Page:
This Dark Age

A manual for life in the modern world.

By Daniel Schwindt

NOTICE:
This Dark Age is now available in paperback on Amazon. The print version is MUCH cleaner than this online version, which is largely unedited and has fallen by the wayside as the project has grown. If you’ve appreciated my writing, please consider leaving a review on the relevant paperback volumes. The print edition also includes new sections (Military History, War Psychology, Dogmatic Theology).

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Egalitarianism and caste

 “Every non-hierarchical society splits in two.”

~ Nicolas Gomez-Davila[1]

We can also point out another major contradiction that should be obvious by now but which, due to the willful blindness of the disciples of modernity, is rarely acknowledged. I am speaking of the fact that the “form” of the caste has not ceased to exist, but has only been reduced in its complexity, and the chasm between its groups widened tenfold. While the castes of India were four, and within those four susceptible to indefinite subdivision, the one that came to replace it and which rules the lives of men today has only two: those who own, and those who do not. This is not a Marxist doctrine, but a commonsense doctrine apparent to anyone who takes an honest look at the present situation. All of the complaints about “inequality” are legitimate, even if those who speak of such things have no idea what the real cause of the inequality might be. They imagine that problem is hierarchy, and that the solution is greater equality. It does not occur to them, because they have been too long imbued with egalitarian propaganda, that it was the desire for equality which brought about this disaster, and that a functionally organized social hierarchy is the only solution for the vast inequality and concomitant injustice that offends them.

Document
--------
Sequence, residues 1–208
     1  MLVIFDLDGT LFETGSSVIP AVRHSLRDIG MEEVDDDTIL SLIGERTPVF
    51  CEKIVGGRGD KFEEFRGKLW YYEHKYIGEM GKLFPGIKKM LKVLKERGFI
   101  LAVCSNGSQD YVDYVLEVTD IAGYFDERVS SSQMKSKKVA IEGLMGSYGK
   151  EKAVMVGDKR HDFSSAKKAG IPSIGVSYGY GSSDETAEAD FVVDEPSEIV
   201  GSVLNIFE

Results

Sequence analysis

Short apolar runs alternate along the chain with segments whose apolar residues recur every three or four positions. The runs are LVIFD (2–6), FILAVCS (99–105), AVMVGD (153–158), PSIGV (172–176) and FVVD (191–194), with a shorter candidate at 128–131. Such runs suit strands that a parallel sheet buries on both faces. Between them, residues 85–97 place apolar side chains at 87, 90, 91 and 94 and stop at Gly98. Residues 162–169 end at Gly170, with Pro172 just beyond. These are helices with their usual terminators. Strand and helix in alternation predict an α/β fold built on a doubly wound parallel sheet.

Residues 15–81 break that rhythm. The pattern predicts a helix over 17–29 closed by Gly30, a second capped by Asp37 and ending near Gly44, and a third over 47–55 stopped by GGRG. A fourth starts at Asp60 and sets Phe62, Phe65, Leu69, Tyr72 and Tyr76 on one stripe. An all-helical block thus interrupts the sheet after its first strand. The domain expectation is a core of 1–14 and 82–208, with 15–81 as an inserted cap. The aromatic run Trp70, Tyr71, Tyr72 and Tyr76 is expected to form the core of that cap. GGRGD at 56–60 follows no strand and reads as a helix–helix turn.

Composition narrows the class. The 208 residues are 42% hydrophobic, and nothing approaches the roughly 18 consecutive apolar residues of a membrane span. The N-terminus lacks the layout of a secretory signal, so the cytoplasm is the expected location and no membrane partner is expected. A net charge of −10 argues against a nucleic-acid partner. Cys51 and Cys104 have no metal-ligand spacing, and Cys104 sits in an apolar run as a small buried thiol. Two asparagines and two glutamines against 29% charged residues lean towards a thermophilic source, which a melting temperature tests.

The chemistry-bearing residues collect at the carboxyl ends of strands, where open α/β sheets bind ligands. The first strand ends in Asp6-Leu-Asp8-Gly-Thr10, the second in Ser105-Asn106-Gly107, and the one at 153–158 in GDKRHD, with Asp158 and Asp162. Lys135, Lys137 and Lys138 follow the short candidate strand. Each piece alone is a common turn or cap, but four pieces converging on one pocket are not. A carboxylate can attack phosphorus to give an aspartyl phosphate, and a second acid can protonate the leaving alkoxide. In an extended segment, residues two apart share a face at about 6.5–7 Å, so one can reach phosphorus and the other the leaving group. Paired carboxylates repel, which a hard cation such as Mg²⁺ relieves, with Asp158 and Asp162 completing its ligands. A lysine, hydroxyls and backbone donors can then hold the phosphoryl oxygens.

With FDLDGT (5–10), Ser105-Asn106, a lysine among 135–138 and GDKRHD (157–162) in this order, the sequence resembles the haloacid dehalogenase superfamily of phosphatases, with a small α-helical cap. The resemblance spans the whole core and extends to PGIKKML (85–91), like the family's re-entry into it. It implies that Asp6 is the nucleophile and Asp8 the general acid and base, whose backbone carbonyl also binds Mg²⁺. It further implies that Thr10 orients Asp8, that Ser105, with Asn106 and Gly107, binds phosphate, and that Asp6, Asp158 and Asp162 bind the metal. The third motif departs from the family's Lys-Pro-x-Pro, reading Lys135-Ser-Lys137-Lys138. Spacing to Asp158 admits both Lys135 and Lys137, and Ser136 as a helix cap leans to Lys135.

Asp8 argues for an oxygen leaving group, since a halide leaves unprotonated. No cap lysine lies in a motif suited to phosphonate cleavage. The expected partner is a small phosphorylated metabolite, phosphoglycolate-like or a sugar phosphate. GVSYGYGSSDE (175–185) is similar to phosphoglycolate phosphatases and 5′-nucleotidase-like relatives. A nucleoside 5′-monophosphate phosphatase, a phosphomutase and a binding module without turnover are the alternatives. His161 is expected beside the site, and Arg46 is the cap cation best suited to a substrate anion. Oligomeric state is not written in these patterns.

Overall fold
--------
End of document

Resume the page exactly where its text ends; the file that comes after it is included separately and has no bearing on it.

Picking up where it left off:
[1] Davila, 2013 edition, p. 169.

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